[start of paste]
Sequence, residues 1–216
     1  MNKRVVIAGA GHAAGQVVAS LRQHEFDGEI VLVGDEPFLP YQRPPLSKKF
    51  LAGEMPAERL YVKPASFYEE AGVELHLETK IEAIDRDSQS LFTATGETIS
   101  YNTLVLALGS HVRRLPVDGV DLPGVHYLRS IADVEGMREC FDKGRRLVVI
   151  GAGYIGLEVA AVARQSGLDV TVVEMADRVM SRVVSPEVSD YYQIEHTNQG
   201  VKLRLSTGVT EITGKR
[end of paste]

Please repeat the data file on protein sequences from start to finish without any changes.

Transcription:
Sequence, residues 1–216
     1  MNKRVVIAGA GHAAGQVVAS LRQHEFDGEI VLVGDEPFLP YQRPPLSKKF
    51  LAGEMPAERL YVKPASFYEE AGVELHLETK IEAIDRDSQS LFTATGETIS
   101  YNTLVLALGS HVRRLPVDGV DLPGVHYLRS IADVEGMREC FDKGRRLVVI
   151  GAGYIGLEVA AVARQSGLDV TVVEMADRVM SRVVSPEVSD YYQIEHTNQG
   201  VKLRLSTGVT EITGKR